The Suicide Dolls Record Their Debut CD

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Michelle Montavon and Brian Albano are freaking out about several things. First, the bad news: they're still reeling from last week's announcement that Thurston Moore and Kim Gordon are breaking up. The split between Sonic Youth's lead dude and dudette might be a news item for most folks, but it hits close to home for Montavon and Albano, whose punky romance is cut from a similar mold. The New London husband and wife co-founded the Suicide Dolls in 2002, but they've been a couple since high school. Moore and Gordon — one of the few happy rock couples out there — projected a fusion of stability and creativity that Montavon and Albano found appealing.

"I never thought there was gonna be no Sonic Youth," says Montavon. "Even the Rolling Stones are in their 60s and putting out music that's still challenging. They're not just phoning it in. So I figured if they were still together, Sonic Youth would be too."

"[Sonic Youth was] doing something bands haven't done recently, which is that they were progressing," adds Albano, musing on their recent run of acclaimed releases.

The Suicide Dolls are progressing, too. (That's the good news.) Along with drummer Matt Covey, Montavon and Albano finally entered the studio to record their first album. "We've done everything kind of backwards as a band," Montavon explains. "We didn't take the whole thing seriously until five or six years ago, and then we quit our jobs and said 'Let's do this, we're not getting any younger.' We really didn't have the money to get a producer or go into a nice studio. We did a lot of home recordings, which I think sounded OK for home recordings, but they didn't capture us in the best way."

The grunge trio was sick of making excuses ("We would send tracks to booking agents but we would always say 'We really sound better live!'" says Montavon), so they decided to take the plunge and record earlier this year. The resulting album, Prayers in Parking Lots, comes out in November.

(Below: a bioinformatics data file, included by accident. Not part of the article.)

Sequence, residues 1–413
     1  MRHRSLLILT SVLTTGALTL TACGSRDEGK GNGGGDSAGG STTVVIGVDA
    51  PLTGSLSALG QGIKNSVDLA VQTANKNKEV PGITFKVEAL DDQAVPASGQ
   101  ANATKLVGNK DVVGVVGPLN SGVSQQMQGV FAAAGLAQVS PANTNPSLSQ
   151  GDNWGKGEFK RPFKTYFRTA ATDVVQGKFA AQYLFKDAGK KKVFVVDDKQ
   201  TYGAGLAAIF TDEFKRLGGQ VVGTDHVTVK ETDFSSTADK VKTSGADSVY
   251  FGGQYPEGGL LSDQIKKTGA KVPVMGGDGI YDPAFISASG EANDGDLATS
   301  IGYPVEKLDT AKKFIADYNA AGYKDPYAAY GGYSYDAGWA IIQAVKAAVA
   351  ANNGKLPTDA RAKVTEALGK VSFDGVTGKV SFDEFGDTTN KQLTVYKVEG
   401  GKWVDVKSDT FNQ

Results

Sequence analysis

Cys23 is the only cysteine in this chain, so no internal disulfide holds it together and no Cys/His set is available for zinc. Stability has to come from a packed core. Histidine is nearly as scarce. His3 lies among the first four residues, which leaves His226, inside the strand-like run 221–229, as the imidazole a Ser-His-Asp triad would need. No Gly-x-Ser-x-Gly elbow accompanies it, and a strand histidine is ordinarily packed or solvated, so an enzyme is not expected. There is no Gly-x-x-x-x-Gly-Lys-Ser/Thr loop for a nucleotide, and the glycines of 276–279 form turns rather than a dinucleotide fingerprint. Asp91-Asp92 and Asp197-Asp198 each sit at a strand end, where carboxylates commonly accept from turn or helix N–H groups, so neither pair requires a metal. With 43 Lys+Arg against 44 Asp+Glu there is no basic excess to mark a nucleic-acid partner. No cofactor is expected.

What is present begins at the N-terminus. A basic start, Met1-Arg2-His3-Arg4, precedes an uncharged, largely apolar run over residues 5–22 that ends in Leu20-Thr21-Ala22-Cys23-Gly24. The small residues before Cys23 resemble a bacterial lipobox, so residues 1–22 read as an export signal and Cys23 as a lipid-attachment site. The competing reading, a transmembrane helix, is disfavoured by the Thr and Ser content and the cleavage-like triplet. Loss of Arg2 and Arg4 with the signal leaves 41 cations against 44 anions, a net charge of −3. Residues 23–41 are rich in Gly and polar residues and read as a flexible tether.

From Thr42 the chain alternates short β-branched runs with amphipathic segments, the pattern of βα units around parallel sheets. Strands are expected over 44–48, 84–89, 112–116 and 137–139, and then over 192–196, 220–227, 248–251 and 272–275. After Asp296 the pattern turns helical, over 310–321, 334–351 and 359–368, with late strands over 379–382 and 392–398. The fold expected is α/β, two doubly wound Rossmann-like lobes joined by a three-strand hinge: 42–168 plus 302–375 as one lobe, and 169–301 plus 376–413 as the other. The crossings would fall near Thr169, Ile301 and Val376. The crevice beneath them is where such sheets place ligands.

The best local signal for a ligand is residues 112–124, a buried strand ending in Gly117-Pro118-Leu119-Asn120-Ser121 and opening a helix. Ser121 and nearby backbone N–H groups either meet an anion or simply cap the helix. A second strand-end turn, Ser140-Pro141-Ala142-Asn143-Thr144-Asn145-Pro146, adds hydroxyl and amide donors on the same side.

Albano describes the album's sound as "big guitars, big bass, big drums; a lot of moodiness, rockiness, a lot of emotion in there. I think we put our hearts on our sleeve. It gives a nod to a lot of the bands we were influenced by. I would say we're more influenced by the underground bands of the '80s than the '90s. Our drummer calls it like a rhinoceros of sound. Always sort of on the attack."

It's a long-overdue album for a band that has been a staple of the New London scene for years now. Dark and bitter, the Suicide Dolls have been at the center of the city's image as a source of turbulent rock. "There is a lot of angst in our music," says Montavon. "We still have that 15-year-old angst that comes through. But a lot of the music [that's popular right now] is sort of happy, like 'I'm gonna forget about what's going on and dance the night away.' That's great, but there needs to be some room in the industry for stuff that's dealing with the changing times."

Albano sums up their outlook thusly: "I don't mind if you find happiness and lollipops, but first I want you to take a journey through night to get to it."

You can preview nine of the tracks from Prayers in Parking Lots on the Suicide Dolls' Bandcamp page, thesuicidedolls.bandcamp.com. Keep an eye on their Facebook page for an announcement regarding their upcoming CD release show.

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